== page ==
Royal Dutch Shell, also commonly known as Shell is a multinational company that engages in the production and marketing of petroleum oil and natural gas. The company has employed thousands of people across the world and has branches and headquarters in over 100 countries. It company has stakeholders whose equity shares when consolidated produce a net profit of millions of dollars, making it one of the most profitable oil companies in the world. Despite this, the company has undergone some challenges in the previous years due to lack of production. It has been depleting its oil reserves more than it can fill regardless of the proceeds it has been making (Roberts 2005). This has therefore resulted to increased low performance for the company in terms of generating profits. Moreover the company has continued to gain stiff competition from rival companies such as BP and Agip, which thrive in the business particularly if there are scandals attached to shell company.
Over the years, the company has been making some diversification away from production of gas and coal petroleum to alternate energy. The reason behind the move is an underlying message of extreme confidence of fulfilling needs within the society. The fact that the company is a gas and petroleum producer makes it recognize that it is vulnerable to emissions of harmful gases to the environment that lead to climate change and global warming. As a result, the company has taken some positive budge towards environment conservation like investment in renewable energy and manufacture of oil that is low in carbon content.
Being a multinational company, Shell has a goal of fulfilling its duty to the society and ensuring sustainable development. There have been times when the company’s image has been ruined by disastrous publicity due to conflict with green peace over proposed sinking of Brent spar oil platform and with environmentalist over the execution of a renowned author and environment activist in Nigeria (Andriof 2002). Due to the pressure that arose from the scandal, the company realized it had more responsibilities on how it conducts it business and affairs.
Economic recession has also affected how most oil companies perform. There has been low production of coal oil and alternative oil since most companies do not have the capacity to produce oil as they used to. Shell has indulged in production of nuclear power, electricity generation and hydrogen. Some people predicted that unless there was global recession production of conventional oil would pick in 2010, but this has not been the case. The world has seen the effect of the recession and oil companies including shell and BP have moved towards renewable energy business (Prugh and Daly 2000). This move will not only help in environment conservation but will minimize the cost used in oil production. Owing to ethical consideration the company is especially interested in sustainable development of the communities their companies are found in. The company founded a social investment group in 1997 called the Shell foundation to promote sustainable development in developing countries on financial basis. Additionally, the company is also regulating some of its responsibilities to not just be a provider of goods and services but a benefactor to the society. The company realizes it has social, environmental, and economic responsibility and among its objectives are to engage efficiently, responsibly and profitably in the production of oil, gas, power, chemicals and other renewable. It also endeavors to participate in the research and development of other sources of energy (Gooderham and Nourdhug 2003).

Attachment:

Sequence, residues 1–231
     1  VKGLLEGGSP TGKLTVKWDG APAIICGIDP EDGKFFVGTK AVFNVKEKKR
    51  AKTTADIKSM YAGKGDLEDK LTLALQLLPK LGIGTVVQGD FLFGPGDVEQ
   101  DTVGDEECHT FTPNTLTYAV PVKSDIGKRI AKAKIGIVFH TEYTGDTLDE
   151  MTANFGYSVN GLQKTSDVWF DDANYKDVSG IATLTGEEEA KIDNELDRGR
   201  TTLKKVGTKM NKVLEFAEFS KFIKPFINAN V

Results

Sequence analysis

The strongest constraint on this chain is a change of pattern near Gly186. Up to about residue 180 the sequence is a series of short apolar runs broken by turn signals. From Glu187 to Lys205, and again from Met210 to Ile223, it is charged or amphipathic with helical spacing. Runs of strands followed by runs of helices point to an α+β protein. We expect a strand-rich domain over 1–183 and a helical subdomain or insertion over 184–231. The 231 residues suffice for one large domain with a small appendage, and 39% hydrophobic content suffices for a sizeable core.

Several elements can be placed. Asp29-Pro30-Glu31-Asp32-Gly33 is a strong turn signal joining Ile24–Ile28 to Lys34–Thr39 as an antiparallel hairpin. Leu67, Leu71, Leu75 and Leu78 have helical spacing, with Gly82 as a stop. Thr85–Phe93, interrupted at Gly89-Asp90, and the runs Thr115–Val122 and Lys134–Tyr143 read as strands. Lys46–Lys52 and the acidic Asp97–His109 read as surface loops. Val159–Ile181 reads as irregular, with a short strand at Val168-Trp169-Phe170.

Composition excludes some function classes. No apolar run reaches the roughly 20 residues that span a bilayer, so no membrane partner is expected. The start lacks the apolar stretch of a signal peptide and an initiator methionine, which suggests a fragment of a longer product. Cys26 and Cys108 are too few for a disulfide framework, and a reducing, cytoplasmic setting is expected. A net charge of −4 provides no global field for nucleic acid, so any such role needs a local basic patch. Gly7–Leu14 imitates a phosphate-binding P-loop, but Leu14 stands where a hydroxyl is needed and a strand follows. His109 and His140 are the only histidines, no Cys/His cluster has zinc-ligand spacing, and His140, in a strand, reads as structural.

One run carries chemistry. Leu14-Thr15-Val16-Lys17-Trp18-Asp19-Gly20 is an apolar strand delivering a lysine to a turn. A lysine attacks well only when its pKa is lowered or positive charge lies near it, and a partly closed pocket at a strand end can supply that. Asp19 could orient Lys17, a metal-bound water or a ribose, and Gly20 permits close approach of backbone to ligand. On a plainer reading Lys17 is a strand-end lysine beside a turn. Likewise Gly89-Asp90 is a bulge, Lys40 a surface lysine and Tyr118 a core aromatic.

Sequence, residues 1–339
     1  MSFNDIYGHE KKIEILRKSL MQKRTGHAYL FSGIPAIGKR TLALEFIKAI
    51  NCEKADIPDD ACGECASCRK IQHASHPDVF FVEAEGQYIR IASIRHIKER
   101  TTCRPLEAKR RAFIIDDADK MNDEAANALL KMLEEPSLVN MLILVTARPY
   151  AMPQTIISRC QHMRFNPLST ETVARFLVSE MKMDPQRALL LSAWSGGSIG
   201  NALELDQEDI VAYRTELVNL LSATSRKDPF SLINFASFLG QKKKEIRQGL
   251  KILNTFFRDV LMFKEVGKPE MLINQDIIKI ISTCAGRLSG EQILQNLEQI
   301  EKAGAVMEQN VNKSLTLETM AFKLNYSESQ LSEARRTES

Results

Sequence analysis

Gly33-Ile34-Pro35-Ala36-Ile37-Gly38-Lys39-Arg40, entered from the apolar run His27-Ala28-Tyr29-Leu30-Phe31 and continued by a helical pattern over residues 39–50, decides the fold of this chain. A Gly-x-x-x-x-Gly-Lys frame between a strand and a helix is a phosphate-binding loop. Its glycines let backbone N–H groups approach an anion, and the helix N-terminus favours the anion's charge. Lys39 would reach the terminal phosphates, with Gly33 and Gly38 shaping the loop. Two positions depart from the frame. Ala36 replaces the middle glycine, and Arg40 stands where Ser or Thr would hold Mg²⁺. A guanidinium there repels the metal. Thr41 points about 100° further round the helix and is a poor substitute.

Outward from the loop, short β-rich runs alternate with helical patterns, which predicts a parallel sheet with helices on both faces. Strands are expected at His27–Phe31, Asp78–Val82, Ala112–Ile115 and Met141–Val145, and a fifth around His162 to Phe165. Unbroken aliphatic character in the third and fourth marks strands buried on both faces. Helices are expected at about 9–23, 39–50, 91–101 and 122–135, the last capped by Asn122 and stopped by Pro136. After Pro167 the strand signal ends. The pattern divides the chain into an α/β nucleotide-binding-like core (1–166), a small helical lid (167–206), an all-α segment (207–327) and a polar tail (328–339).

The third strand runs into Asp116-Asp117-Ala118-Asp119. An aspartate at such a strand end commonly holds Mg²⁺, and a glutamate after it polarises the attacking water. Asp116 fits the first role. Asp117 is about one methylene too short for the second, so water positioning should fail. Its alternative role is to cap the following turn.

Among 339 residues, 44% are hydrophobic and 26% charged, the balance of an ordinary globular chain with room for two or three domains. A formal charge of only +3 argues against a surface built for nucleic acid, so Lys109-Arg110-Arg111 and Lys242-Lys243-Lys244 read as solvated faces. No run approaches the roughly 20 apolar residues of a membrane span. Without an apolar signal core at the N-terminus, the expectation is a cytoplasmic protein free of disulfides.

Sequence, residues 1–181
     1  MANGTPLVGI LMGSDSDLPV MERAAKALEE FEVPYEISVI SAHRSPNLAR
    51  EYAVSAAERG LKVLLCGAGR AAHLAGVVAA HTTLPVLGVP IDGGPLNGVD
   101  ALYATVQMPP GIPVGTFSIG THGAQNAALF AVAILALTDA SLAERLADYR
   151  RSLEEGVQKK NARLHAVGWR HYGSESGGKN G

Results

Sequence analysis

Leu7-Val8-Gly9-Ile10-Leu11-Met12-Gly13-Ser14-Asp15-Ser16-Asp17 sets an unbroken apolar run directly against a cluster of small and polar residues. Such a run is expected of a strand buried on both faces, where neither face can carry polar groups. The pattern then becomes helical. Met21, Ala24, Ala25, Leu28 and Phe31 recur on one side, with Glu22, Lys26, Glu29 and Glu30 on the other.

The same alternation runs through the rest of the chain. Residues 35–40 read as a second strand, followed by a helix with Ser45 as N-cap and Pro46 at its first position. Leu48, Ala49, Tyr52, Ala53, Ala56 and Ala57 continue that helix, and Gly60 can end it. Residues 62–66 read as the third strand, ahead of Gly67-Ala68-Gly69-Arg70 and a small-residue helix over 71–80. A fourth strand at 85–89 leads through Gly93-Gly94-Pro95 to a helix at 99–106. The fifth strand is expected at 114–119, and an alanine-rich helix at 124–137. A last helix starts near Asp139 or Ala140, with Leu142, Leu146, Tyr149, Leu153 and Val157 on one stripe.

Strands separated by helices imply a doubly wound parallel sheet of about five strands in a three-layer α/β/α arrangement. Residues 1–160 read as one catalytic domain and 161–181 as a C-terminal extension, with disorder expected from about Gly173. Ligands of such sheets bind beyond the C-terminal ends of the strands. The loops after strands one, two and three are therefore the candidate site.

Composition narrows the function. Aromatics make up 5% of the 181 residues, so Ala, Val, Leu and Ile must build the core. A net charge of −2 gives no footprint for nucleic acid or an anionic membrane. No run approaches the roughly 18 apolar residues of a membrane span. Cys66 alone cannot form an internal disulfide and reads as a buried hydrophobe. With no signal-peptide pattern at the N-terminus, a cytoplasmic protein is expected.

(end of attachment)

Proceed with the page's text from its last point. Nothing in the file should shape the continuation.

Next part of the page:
Shell Oil Company has impacted the society as well as its stakeholders. The company has tried to come up with other ways other than production and selling of goods and services in order to make profits for its stakeholders. It is finding other alternative fuel for consumption dwelling on environment sustainability like global warming. In addition, it is investing in renewable energy and engaging in the manufacture of fuel with low carbon content. The Company impacts on society can be felt in developing countries in view of the fact that it has employed a lot of people i.e. Nigeria and South Africa. The outcome has been a reduction on poverty and paucity as most of these countries suffer due to economic hardships. As a multinational company Shell has benefited countries in which it runs its business economic wise. These countries get revenue from the trade conducted and this adds to the growth domestic product of the nation.
The Company is trying to change some of the bad image that has been associated with it, like the execution of the environmental activists from Nigeria to gain a more positive image. The bad image adds to the company’s poor performance. Companies like BP and Agip thrive in times of scandals since the company’s name is tarnished. Moreover, Shell Company has a moral obligation to protect the members of the society, like participating in community development, investing in community programme, and engaging in expertise and resources (OECD 2001).